June 3, 2015 – Andrew Maurice Gold was born on August 2, 1951 at Burbank, Los Angeles, into a musical family. His father, Ernest Gold, composed the scores for dozens of Hollywood films, including Exodus (1960) — for which he won an Oscar — Too Much Too Soon (1958) and On The Beach (1959); his mother, the classically-trained soprano Marni Nixon, was best known for supplying the singing voices for film actresses, notably Deborah Kerr in The King And I (1956), Natalie Wood in West Side Story (1961), and Audrey Hepburn in My Fair Lady (1964). She also appeared as Sister Sophia in The Sound Of Music (1965).
Andrew was 13 when he started writing pop songs, although he never learned to read music. At Oakwood School in north Hollywood, he introduced himself to the singer Linda Ronstadt when she played a gig there with her group the Stone Poneys . By the early 1970s he had joined her band, and in 1974 played a variety of instruments and made the musical arrangements for Linda Ronstadt’s breakthrough album Heart Like A Wheel, as well as for her next four albums. Among other accomplishments, he played the majority of instruments on “You’re No Good,” Ronstadt’s only #1 single on the Billboard Hot 100, and the same on “When Will I Be Loved,” “Heat Wave” and many other classic hits. He was in her band from 1973 until 1977, and then sporadically throughout the 1980s and 1990s.
Gold was a multi-instrumentalist who played guitar, bass, keyboards, accordion, synthesizer, harmonica, saxophone, flute, drums and percussion, and more arcane musical devices such as ukulele, musette, and harmonium. He was also a member of the Los Angeles band Bryndle, alongside Kenny Edwards, Wendy Waldman and Karla Bonoff, releasing the single “Woke Up This Morning” in 1970.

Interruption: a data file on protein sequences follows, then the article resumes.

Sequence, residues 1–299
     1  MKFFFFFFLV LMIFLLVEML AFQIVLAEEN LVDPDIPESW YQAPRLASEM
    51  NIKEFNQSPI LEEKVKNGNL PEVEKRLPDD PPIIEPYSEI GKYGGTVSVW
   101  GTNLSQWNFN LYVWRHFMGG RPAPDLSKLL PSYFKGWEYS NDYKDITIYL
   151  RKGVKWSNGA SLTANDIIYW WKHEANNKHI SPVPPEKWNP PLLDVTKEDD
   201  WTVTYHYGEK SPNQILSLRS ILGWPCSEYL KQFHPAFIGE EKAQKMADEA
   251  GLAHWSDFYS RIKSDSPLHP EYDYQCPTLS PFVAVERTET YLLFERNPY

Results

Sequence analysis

Branching out as a record producer and musician, Gold recorded with Art Garfunkel on his solo hit I Only Have Eyes For You (1977), on which Gold played all the instruments; in the same year he played on Eric Carmen’s album Boats Against The Current, from which the track She Did It was a minor chart hit. Over the years he worked with many other major artists, among them John Lennon, Paul McCartney, Brian Wilson, Cher, James Taylor, Carly Simon and The Eagles.
In the early Eighties, Gold produced, co-wrote, sang and played on three 10cc tracks that appeared on the hit-making pop-rock band’s 1981 album Ten Out of 10. Subsequently, Eric Stewart and Graham Gouldman of 10cc invited Gold to become a member of the group. Although he had worked with them in the studio, business conflicts prevented him from actually joining their ranks.
In late 1983, 10cc broke up, and in the aftermath, Gold and Gouldman formed Wax. Wax recorded and toured for five years. They enjoyed international success, particularly in the U.K. where the duo had several Top 10 hits including “Right Between the Eyes” and their biggest hit “Bridge to Your Heart.” Wax broke up as a recording and touring entity in 1989, but Gold and Gouldman continued to write and record together when possible.